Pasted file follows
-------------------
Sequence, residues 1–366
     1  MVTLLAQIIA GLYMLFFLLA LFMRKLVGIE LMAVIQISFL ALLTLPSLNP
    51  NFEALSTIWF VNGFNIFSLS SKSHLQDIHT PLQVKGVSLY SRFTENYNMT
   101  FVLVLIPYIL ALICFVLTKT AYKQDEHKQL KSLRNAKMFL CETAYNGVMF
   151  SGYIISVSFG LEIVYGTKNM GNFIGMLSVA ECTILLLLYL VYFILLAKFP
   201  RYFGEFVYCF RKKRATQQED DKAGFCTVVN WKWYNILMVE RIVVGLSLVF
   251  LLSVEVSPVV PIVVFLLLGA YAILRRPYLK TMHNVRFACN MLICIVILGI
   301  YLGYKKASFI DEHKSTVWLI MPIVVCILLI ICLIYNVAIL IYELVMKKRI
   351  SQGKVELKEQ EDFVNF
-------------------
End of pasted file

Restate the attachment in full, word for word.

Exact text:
Sequence, residues 1–366
     1  MVTLLAQIIA GLYMLFFLLA LFMRKLVGIE LMAVIQISFL ALLTLPSLNP
    51  NFEALSTIWF VNGFNIFSLS SKSHLQDIHT PLQVKGVSLY SRFTENYNMT
   101  FVLVLIPYIL ALICFVLTKT AYKQDEHKQL KSLRNAKMFL CETAYNGVMF
   151  SGYIISVSFG LEIVYGTKNM GNFIGMLSVA ECTILLLLYL VYFILLAKFP
   201  RYFGEFVYCF RKKRATQQED DKAGFCTVVN WKWYNILMVE RIVVGLSLVF
   251  LLSVEVSPVV PIVVFLLLGA YAILRRPYLK TMHNVRFACN MLICIVILGI
   301  YLGYKKASFI DEHKSTVWLI MPIVVCILLI ICLIYNVAIL IYELVMKKRI
   351  SQGKVELKEQ EDFVNF